Nominated in 13 and winning in five categories at the Australian Film Institute Awards, 'Little Fish' reunites 'Lord of the Rings' stars Cate Blanchett and Hugo Weaving, who took home the Best Actress and Actor gongs for their performances in Rowan Woods' drug drama.

Recovering heroin addict Tracy Heart (Blanchett) was introduced to the drug by her mother's former partner Lionel Dawson (Weaving). Lionel, a one-time Australian Rules legend, sells himself to crime boss The Jockey (Neill) for fixes, but now faces having to sell off his career memorabilia to get high because The Jockey is retiring from the underworld.

While Tracy has been clean for four years she still sees Lionel and her straight and narrow path is further threatened by the return of her former boyfriend Jonny (Nguyen), who has arrived from Canada to set up a big score with her brother Ray (Henderson). It's a score that will put all their lives in danger.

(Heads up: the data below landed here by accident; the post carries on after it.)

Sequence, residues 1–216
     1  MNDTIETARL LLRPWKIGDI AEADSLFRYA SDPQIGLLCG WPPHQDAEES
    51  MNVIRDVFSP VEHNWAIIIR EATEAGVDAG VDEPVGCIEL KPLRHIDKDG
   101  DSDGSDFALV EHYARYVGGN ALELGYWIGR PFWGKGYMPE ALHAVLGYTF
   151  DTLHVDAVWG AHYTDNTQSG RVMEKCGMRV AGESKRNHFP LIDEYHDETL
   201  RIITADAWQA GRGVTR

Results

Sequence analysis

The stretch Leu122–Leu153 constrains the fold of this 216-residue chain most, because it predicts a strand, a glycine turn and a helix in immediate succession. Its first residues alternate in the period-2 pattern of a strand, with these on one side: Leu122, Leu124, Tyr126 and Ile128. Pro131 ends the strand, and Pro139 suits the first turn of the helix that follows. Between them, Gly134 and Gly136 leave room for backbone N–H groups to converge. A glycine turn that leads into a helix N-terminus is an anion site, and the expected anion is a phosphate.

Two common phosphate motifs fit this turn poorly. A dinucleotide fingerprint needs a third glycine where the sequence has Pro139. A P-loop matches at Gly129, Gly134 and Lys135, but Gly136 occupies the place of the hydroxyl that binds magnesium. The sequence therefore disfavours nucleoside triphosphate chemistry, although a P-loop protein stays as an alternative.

While Woods' film looks like a starring vehicle for Blanchett, it's really an ensemble piece and it's all the performances combined which keep you hooked even when 'Little Fish's plot isn't all that it could be. Weaving is superb as the sweating and shaking Lionel; Hazlehurst plays the over-protective mother to perfection and Neill shows that he should be cast as a villain far more often.

The main problem is that the film could've mixed character and crime far better. Commendably, Woods is in no hurry to get to a conclusion; the disappointment is that when it arrives the showdown feels somehow tacked on and unsatisfying. A shame, given the strength of the build-up that went before it.

Woods does a good job of depicting people who are all trying to put distance between themselves and something or someone but some of the relationships in the storyline could've been developed further, in particular the Lionel-Jockey and Ray-Jonny dynamics. That said, these gripes only arise because some of the scenes are so good you want more of them.

If you're looking for a performance-driven antidote to summer blockbusters, and are willing to overlook a heavily-laboured water metaphor, well, dive in.

Harry Guerin